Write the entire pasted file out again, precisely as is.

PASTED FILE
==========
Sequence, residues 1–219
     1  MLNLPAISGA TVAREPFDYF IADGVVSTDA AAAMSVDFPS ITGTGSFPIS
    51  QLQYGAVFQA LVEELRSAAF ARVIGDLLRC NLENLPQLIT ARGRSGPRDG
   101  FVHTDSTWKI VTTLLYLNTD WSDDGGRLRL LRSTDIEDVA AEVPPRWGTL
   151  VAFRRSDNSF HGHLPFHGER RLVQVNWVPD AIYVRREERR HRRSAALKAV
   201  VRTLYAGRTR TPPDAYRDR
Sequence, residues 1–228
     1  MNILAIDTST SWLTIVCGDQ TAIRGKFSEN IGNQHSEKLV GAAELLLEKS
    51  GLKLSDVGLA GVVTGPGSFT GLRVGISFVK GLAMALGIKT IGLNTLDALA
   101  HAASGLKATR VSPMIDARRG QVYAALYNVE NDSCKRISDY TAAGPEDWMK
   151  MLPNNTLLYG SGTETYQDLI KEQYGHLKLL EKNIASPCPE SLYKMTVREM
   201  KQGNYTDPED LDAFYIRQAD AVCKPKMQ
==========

Sequence, residues 1–219
     1  MLNLPAISGA TVAREPFDYF IADGVVSTDA AAAMSVDFPS ITGTGSFPIS
    51  QLQYGAVFQA LVEELRSAAF ARVIGDLLRC NLENLPQLIT ARGRSGPRDG
   101  FVHTDSTWKI VTTLLYLNTD WSDDGGRLRL LRSTDIEDVA AEVPPRWGTL
   151  VAFRRSDNSF HGHLPFHGER RLVQVNWVPD AIYVRREERR HRRSAALKAV
   201  VRTLYAGRTR TPPDAYRDR
Sequence, residues 1–228
     1  MNILAIDTST SWLTIVCGDQ TAIRGKFSEN IGNQHSEKLV GAAELLLEKS
    51  GLKLSDVGLA GVVTGPGSFT GLRVGISFVK GLAMALGIKT IGLNTLDALA
   101  HAASGLKATR VSPMIDARRG QVYAALYNVE NDSCKRISDY TAAGPEDWMK
   151  MLPNNTLLYG SGTETYQDLI KEQYGHLKLL EKNIASPCPE SLYKMTVREM
   201  KQGNYTDPED LDAFYIRQAD AVCKPKMQ